marked by mutuality and emotional bonds" and the big city experience of
      _gesellschaft_ by "an artificial construction of an aggregate of human
      beings characterized by competition and impersonality."[1] Bender
      further argued that communities typically evolve from _gemeinschaft_ to
      _gesellschaft_. But, Hubbs contends the opposite for Greensboro; he
      sees the locality evolving from "voluntary associations" to "traditional

      notions of loyalty" over time, a reverse of Bender's process (p. 300).
      While Hubbs does address Bender in his work, he does not convincingly
      demonstrate the absence of a Bender-like _gemeinschaft_ community in
      Greensboro during the entire antebellum period.

      Another question emerges from how Hubbs frames his analysis. He argues
      that self-interest was antithetical to community-building in
      Greensboro. But, could self-interest have actually been community in
      Greensboro? Southern historians have argued that individualism has been

      a dominant trait of southerners growing out of the frontier experience,
      but does it necessarily follow that no community exists where
      individualism is strongest? Clearly, communities dominated by
      self-interested individuals could thrive in the South, otherwise the
      Whig Party and the national market would not have penetrated sections of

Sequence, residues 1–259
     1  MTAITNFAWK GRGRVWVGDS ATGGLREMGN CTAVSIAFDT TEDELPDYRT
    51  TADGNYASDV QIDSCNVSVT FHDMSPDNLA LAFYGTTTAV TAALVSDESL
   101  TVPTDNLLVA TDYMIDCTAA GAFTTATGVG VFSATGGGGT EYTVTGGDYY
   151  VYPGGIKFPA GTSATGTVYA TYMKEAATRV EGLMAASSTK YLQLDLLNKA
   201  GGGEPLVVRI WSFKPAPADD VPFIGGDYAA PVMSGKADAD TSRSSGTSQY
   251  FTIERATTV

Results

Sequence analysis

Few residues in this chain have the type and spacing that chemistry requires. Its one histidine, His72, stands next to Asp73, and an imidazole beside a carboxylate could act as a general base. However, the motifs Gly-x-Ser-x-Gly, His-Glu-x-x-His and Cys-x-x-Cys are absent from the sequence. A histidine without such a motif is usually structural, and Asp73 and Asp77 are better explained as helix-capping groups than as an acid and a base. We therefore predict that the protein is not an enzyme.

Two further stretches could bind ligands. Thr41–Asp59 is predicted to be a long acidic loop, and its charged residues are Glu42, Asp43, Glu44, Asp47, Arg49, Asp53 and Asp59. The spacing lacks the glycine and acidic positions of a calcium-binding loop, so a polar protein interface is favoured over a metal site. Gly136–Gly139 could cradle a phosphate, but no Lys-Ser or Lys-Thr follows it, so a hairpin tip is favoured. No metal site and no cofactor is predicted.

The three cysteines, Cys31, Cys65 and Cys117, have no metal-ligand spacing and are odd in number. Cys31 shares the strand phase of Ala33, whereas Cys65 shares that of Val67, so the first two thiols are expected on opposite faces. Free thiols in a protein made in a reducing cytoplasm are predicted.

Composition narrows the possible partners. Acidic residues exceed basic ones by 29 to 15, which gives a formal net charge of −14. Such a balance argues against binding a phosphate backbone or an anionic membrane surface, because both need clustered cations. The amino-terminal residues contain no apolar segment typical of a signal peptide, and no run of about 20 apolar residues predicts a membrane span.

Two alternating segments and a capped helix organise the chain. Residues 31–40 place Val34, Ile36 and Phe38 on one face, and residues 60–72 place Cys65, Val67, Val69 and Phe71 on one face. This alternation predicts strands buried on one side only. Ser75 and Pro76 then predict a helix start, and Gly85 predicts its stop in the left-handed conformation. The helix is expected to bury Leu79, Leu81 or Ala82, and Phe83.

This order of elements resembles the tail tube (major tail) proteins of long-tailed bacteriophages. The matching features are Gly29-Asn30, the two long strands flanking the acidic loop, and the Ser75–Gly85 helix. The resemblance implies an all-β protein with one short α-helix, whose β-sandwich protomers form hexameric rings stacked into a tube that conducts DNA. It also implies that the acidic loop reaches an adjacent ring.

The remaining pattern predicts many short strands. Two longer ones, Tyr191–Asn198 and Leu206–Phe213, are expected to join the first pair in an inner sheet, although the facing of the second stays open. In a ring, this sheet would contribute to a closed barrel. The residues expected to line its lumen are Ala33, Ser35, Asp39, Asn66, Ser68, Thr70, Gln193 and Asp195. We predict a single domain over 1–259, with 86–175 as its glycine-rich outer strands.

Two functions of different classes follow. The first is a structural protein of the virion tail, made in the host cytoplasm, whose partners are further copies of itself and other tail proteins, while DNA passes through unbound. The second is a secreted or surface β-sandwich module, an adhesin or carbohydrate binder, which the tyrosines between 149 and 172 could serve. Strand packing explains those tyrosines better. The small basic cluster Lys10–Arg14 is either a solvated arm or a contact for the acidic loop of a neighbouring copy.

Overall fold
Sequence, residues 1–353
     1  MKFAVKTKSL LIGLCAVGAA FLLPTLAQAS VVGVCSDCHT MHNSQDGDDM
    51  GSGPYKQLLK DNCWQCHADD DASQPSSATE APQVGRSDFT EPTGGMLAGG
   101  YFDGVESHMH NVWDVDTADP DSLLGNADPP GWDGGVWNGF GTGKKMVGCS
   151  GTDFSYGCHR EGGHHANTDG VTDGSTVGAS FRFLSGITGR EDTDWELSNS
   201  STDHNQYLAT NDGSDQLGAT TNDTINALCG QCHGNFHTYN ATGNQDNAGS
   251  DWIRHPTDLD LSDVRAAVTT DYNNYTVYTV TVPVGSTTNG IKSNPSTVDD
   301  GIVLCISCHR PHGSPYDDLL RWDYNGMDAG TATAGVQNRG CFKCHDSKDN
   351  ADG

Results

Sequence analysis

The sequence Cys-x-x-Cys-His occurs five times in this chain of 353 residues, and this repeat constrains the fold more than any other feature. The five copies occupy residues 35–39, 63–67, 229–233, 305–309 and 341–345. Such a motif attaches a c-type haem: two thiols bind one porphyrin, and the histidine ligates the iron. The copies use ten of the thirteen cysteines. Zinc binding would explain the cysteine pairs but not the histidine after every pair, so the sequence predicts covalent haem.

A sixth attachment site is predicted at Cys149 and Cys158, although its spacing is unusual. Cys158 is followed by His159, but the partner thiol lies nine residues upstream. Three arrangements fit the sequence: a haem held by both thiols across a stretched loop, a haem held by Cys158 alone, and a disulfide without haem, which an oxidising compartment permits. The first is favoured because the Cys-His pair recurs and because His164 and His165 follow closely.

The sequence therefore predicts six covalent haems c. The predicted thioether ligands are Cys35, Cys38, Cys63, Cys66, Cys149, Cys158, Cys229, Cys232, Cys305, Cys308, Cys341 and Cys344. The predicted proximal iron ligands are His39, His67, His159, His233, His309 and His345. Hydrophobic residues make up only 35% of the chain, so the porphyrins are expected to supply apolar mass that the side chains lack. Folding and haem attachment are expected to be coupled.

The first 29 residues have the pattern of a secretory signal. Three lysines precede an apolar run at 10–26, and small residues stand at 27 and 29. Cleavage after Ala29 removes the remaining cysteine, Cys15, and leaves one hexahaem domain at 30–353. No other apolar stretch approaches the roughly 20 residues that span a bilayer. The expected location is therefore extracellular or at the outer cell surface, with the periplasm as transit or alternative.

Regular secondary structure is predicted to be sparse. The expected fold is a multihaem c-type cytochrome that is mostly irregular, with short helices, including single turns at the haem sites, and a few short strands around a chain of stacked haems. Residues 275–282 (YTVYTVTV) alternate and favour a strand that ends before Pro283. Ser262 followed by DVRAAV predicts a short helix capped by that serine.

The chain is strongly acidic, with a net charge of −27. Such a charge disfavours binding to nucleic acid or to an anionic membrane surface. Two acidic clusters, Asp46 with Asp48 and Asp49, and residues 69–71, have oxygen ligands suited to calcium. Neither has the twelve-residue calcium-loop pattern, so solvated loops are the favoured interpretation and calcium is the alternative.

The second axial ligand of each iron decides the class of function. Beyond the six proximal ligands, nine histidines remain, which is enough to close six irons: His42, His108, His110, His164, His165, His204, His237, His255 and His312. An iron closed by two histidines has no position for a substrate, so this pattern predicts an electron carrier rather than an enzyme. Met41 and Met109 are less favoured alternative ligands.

the southern countryside during the antebellum years. Could the
      self-interest of some members of a community in fact bring greater
      cohesion and loyalty to the whole by providing benefits like internal
      improvements and educational institutions to local places?

      While some of the evidence Hubbs presents contradicts his central
      argument that a united community was absent in antebellum Greensboro,
      Hubbs has produced an interesting and nuanced narrative that deserves
      high praise. Hubbs is arguing for more reflective thought when
      historians use the term "community" and for this he should be
      commended. Hubbs forces us to think in spatial terms about when and
      where community developed in the South, and community studies historians

      should strive to produce such conscientious theoretical frameworks.
      Nineteenth-century community studies scholars and Civil War historians
      of all backgrounds should move Hubbs's study of Greensboro into the must

      read column of their book lists.

      Note

      [1]. Thomas Bender, _Community and Social Change in America_
      (Baltimore: Johns Hopkins University Press, 1978), pp. 7, 17.